Four recent Colby graduates were named Graduate Research Fellows by the National Science Foundation in a program that provides three years of support to outstanding graduate students in research-based programs.
Ellen Crapster-Pregont ’10, Leslie Wardwell ’08, Adrian Gilmore ’07, and Elinore Jenkins ’06 are all enrolled in doctoral programs, and each was named an NSF Graduate Research Fellow in spring 2011.
Crapster-Pregont, a geology and chemistry double major, recently completed her first year in a geosciences/geochemistry program at Columbia University’s Lamont Doherty Earth Observatory.
Wardwell is in the biological and biomedical sciences Ph.D. program at Harvard Medical School. She is working on host-microbe interactions in a mouse model of ulcerative colitis. She is in a lab at the Harvard School of Public Health that works on all stages of ulcerative colitis, including initial inflammation, progression to colon cancer, and possible treatments.
Gilmore is in a Ph.D. program in cognitive psychology at Washington University in St. Louis. His research uses behavioral and functional neuroimaging techniques to explore two main areas in human memory—mental simulation (our ability to mentally project ourselves into a scene) and on how retrieval practice can improve memory.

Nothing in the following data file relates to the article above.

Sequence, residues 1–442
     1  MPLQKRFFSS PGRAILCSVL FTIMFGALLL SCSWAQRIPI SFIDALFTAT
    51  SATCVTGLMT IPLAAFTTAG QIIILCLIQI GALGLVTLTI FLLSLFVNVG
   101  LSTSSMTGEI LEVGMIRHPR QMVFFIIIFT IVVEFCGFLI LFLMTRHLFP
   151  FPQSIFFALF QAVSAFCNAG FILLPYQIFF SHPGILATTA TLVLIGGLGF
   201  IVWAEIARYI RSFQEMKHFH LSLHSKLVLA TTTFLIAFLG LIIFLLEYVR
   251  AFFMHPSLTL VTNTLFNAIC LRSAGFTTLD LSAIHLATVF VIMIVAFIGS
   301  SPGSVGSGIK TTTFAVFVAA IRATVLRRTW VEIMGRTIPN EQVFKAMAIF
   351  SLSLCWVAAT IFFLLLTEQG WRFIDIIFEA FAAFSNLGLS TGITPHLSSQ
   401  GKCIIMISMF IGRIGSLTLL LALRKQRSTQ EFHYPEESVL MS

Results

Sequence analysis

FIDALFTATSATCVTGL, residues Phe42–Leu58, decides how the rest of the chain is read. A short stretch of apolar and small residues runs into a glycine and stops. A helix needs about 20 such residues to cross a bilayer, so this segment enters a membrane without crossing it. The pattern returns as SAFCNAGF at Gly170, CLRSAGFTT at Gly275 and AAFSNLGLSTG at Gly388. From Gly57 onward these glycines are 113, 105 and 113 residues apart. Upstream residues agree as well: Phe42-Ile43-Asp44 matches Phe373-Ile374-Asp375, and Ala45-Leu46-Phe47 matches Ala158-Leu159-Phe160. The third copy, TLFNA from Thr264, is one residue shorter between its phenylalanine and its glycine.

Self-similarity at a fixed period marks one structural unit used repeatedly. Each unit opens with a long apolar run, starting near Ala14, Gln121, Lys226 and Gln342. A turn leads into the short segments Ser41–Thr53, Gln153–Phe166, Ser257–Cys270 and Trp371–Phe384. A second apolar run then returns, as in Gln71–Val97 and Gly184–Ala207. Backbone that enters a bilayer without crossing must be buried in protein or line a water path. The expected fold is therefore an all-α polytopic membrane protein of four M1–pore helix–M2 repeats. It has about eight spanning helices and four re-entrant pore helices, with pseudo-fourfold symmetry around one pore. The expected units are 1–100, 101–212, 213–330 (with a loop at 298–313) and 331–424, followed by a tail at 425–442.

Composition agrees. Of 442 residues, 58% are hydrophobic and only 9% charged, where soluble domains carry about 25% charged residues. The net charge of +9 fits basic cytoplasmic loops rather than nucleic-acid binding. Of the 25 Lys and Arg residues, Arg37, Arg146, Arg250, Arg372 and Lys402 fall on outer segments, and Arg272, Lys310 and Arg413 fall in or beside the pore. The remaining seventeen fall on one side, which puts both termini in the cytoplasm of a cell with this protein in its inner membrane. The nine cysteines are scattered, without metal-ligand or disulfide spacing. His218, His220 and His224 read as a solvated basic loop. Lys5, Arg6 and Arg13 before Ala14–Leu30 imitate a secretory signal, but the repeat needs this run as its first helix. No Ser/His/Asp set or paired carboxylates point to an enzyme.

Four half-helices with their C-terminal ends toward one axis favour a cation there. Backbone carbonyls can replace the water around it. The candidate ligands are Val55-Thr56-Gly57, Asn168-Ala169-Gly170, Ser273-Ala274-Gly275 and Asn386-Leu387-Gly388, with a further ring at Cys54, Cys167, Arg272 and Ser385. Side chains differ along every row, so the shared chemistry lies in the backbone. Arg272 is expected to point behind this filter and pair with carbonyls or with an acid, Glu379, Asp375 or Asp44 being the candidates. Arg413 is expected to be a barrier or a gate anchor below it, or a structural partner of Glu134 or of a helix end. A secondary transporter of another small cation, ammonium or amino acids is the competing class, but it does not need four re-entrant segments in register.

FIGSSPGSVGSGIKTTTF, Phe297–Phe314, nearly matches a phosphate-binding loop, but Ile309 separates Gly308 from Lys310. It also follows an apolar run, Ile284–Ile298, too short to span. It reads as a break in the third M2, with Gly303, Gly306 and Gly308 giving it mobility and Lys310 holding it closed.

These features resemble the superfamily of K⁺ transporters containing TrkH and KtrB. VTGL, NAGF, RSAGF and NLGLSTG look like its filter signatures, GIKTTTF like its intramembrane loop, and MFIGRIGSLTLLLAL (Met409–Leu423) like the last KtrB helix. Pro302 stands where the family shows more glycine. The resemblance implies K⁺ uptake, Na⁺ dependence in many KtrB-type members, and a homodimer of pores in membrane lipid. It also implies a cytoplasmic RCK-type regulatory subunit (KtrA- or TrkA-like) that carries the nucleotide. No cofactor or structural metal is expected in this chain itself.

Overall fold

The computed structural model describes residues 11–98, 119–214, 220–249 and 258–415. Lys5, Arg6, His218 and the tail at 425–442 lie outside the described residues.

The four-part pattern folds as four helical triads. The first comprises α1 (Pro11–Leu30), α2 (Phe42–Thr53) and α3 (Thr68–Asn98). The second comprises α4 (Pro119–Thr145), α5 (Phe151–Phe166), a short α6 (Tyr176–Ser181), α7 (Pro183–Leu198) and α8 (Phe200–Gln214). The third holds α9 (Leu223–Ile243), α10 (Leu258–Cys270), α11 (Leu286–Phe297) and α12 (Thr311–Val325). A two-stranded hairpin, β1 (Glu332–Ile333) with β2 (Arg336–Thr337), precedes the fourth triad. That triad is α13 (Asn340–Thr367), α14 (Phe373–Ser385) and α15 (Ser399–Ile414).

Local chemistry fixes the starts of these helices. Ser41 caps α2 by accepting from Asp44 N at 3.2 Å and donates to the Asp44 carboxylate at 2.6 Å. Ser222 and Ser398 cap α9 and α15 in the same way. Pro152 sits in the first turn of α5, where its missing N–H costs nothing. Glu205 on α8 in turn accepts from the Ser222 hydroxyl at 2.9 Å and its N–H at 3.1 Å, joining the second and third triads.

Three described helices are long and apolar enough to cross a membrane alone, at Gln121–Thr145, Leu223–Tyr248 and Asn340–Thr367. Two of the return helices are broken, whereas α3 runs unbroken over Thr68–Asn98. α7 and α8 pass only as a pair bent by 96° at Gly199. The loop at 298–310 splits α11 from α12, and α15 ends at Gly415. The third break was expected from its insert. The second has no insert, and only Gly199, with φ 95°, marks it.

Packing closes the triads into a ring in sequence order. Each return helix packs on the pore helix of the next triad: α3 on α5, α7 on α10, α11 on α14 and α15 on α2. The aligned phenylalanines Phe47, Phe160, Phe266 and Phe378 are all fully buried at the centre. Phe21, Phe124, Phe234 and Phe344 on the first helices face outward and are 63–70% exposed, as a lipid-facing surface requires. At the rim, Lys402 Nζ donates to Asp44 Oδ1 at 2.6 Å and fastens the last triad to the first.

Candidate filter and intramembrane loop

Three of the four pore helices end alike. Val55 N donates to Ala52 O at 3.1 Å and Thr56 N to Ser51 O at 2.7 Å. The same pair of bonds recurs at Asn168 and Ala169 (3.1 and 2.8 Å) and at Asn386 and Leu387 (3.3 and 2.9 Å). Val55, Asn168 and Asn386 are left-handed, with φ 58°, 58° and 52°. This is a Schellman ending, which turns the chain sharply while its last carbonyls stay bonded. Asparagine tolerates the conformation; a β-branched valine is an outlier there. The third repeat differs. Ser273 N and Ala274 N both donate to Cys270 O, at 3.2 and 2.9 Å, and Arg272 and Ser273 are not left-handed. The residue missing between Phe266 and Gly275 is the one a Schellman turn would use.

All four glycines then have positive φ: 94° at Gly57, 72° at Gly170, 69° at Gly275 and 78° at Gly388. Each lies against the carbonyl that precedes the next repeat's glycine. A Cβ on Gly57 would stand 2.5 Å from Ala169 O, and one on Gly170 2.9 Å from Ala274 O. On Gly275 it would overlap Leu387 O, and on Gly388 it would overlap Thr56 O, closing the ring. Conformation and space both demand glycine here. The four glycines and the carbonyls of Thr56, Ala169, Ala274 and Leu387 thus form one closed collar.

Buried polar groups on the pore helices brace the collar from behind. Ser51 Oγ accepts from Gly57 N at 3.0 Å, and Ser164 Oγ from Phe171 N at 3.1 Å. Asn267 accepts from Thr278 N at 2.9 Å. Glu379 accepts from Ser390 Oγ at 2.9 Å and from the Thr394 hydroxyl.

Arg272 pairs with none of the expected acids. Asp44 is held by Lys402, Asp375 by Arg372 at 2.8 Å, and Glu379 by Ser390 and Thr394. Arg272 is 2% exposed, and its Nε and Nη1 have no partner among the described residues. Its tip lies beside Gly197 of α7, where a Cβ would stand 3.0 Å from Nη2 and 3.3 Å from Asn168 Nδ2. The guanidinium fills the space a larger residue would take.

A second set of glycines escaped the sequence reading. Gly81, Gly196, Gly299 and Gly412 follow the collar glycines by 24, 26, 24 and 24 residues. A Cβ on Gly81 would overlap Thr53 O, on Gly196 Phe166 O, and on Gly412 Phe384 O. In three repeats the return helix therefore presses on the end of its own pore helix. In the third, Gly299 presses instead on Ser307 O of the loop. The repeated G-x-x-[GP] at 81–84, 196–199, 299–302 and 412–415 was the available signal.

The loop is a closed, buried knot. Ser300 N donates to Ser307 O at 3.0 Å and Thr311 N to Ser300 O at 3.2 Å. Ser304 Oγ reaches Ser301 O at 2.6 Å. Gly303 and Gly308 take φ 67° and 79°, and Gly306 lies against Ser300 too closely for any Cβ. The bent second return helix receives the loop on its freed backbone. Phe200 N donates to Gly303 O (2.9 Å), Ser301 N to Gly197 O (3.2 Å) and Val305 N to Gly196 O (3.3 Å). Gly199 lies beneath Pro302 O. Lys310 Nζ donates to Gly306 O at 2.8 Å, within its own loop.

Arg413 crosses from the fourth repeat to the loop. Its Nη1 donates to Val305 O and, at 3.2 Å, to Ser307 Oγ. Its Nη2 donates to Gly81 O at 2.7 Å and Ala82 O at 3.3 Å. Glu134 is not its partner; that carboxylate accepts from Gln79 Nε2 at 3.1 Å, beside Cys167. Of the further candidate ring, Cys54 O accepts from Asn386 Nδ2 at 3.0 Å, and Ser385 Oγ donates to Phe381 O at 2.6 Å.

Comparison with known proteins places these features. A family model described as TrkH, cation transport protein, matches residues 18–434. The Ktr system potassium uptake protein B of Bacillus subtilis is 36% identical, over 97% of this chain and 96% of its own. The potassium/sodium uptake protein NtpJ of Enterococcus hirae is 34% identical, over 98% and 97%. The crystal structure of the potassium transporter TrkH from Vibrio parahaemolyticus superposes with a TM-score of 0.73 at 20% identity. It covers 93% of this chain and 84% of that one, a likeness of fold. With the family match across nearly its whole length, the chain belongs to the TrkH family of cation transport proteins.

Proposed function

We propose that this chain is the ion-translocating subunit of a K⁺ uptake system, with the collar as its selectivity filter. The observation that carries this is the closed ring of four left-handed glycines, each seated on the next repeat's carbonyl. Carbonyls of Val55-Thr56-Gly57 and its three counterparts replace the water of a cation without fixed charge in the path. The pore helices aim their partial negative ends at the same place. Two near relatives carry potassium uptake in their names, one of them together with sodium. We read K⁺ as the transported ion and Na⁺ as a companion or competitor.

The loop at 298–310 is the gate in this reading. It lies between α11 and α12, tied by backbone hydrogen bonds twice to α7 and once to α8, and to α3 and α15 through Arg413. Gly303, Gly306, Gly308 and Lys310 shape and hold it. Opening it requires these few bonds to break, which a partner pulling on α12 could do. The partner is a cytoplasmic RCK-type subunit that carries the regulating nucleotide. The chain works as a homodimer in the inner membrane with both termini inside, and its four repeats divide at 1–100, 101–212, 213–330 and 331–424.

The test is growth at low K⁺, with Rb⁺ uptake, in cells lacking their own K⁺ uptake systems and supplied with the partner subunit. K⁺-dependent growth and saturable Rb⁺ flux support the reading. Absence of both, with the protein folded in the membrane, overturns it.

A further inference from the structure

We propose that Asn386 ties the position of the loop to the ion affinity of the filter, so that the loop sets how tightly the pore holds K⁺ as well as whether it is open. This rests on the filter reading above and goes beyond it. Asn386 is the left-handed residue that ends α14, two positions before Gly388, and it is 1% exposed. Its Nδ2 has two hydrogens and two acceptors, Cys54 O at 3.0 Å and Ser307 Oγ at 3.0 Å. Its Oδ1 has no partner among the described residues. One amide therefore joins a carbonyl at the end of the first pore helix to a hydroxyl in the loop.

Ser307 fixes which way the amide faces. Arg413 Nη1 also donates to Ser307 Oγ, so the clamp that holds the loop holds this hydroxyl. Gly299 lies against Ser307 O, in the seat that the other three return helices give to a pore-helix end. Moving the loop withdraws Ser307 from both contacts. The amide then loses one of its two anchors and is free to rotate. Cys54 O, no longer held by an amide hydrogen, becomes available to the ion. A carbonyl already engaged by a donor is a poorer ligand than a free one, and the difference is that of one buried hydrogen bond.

Jenkins is in a biology/ecology Ph.D. program at the University of Washington following four and a half years teaching high school in Oakland, Calif., where she started with Teach for America. She is studying how climate change will affect plant-pollinator interactions, and she is working on Mt. Rainier. As the climate has warmed, many plants and animals have shifted the timing of life events (reproduction, migrations, growth, etc.), she explained. If plants and their pollinators shift differently, both groups could be in trouble.
“This work absolutely originated in Judy [Stone]’s lab [at Colby],” she wrote in an e-mail. “I worked for her for two years in Costa Rica. She is incredible—a great mentor, accomplished scientist, and admirable role model.”
The NSF Graduate Research Fellowship Program is to help ensure the vitality and diversity of the scientific and engineering workforce in the United States, according to the program. “The GRFP provides three years of support for the graduate education of individuals who have demonstrated their potential for significant achievements in science and engineering research. The ranks of NSF Fellows include individuals who have made transformative breakthroughs in science and engineering research and have become leaders in their chosen careers and Nobel laureates,” according to the program’s materials.